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Unsupported cavity wall, how high?

Discussion in 'Building' started by fox33, 11 Apr 2019.

  1. fox33

    fox33

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    I’m building a gable end, from wall plate height (the unsupported ‘triangle’) is 10m wide by 5m high.

    The roof construction is steel purlins (two per side) and a steel ridge beam, with rafters supported on these.

    I’m up to first purlin height now, but I’m concerned it’s getting high and until the roof construction is complete the wall is unbraced.

    I’ve looked online but can’t find anything, does anyone know a safe height I’m able to work to? The wall is two skins of 100mm dense block with a 100mm cavity, so 300mm in total thickness.
     
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  3. ^woody^

    ^woody^

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    I use this formula

    (h x 1.5m) x (weather forecast for the days after it's built)
     
  4. noseall

    noseall

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    We built this fella....
    on a windy day but with the roof in place. There is no way I would build one the size of yours without the ability to stabilise it whilst the mortar cures.
     
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  5. garyo

    garyo

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    How would you do it if it wasn't trussed, and you couldn't get any rafters in until the wall is built hight enough to seat the ridge steel in place? I did one last year where the only way I could think to stabilise it was a 45 degree joist coming out of the floor and then bolted into the wall.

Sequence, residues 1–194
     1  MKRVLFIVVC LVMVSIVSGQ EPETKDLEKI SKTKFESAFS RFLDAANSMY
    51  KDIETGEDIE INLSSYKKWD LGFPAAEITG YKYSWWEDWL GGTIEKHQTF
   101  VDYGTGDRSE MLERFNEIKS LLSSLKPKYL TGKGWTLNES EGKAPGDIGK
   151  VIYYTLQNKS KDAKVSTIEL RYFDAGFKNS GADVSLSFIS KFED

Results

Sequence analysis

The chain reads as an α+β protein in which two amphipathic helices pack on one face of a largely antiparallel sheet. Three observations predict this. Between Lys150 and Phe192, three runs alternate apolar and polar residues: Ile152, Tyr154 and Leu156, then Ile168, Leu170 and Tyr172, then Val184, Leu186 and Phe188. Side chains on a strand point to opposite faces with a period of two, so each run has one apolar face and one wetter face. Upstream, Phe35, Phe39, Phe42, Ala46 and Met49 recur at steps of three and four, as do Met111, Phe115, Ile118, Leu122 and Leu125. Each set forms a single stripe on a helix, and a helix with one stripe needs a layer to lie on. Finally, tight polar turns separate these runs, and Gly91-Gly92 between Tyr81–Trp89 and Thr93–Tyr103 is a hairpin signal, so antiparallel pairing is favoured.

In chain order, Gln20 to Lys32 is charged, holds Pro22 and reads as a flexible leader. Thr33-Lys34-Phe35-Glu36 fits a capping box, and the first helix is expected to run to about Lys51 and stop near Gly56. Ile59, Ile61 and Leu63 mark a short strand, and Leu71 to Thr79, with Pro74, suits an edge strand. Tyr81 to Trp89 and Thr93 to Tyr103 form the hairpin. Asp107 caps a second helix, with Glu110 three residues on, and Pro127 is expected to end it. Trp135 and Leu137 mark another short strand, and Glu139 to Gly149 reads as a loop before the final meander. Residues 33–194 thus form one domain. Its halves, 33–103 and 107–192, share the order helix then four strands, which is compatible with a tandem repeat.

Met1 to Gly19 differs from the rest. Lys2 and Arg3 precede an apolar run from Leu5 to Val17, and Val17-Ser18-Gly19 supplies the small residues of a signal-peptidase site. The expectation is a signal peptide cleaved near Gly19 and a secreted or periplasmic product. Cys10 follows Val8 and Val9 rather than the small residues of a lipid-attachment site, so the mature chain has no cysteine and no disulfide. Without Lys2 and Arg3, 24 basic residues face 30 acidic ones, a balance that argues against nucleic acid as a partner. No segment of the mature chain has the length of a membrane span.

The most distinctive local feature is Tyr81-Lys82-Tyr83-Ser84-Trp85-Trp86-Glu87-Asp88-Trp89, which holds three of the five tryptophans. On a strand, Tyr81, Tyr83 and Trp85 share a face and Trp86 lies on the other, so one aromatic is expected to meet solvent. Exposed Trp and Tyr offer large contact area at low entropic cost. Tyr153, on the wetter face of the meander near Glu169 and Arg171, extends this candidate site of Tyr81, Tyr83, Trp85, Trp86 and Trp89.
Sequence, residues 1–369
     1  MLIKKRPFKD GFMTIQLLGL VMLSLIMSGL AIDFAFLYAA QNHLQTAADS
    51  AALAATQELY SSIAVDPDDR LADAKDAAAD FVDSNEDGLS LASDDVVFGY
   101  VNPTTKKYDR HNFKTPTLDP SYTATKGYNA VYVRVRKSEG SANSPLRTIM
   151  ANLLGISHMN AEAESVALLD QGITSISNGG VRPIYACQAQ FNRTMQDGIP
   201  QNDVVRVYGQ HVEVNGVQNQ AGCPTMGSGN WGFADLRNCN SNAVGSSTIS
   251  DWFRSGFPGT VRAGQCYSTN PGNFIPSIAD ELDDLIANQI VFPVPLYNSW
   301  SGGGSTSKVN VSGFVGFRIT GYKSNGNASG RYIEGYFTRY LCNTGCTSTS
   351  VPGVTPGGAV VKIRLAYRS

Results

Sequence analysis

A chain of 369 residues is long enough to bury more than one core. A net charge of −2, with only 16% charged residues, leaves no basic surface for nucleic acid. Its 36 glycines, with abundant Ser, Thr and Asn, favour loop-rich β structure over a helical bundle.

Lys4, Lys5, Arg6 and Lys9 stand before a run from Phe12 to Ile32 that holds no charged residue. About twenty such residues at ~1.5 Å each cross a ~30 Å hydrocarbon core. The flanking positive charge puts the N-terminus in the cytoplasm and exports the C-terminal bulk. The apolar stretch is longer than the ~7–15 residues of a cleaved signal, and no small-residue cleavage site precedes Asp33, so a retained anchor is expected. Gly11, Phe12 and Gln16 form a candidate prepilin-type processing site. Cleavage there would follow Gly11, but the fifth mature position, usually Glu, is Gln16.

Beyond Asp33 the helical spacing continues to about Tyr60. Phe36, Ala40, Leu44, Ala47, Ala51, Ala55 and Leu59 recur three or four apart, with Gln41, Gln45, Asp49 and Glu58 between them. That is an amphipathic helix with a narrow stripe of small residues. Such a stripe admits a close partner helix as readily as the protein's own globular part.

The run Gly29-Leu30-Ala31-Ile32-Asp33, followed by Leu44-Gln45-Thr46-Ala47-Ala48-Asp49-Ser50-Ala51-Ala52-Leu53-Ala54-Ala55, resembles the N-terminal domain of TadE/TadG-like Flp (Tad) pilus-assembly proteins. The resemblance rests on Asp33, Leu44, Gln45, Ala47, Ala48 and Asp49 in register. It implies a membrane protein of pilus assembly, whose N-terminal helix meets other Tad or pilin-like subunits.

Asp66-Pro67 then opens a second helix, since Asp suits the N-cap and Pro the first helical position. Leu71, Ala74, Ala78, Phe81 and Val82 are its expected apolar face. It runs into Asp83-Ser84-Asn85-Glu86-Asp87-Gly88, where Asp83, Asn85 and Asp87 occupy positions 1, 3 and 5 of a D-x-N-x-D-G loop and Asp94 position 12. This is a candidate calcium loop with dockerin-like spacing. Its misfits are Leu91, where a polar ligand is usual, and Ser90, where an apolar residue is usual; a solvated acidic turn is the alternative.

It was still pretty uncomfortable though (3.5M tall from the floor joists)
     
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  7. noseall

    noseall

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    You should be able to construct a ridge beam roof using the rafters and props to stabilise the beam until the wall is built.
    Or...
    Fix stabilising timbers to the walls below allowing them to extend beyond up to the proposed gable and use these as stabilisers. Fine as long as there is no big opening below.

    The best you could do is build both leaves in unison - i.e. so many courses on each leaf and then walk away for the day.
     
  8. Tigercubrider

    Tigercubrider

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    Just to cheer you up
    When I was a kid in the mid 70's a house was built opposite us by a firm of builders, with one of their directors as the client. About 10 at night there was a massive bang and the entire gable end fell down.
    It's always windy when you don't want it to be
     
  9. garyo

    garyo

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    I like the idea of it, not least because it allows for building around the gable ladder as you go along, but it doesn't seem much less precarious than an unsupported wall.

    Let me check I understand you: You hover the ridge steel in place using a crane, or temporary scaff, then get ~3 pairs of rafters in so that you know it's in the correct final position. Then get four or five 'king post' style struts underneath to take the weight, maybe spreading their weight over the first floor joists using scaff boards?
     
  10. noseall

    noseall

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    Yes, that would be it. Or just build the whole roof whilst supporting the ridge beam until the gable is constructed.

    Not so easy on tall roofs I admit.
     
  11. DIYnot Local

    DIYnot Local

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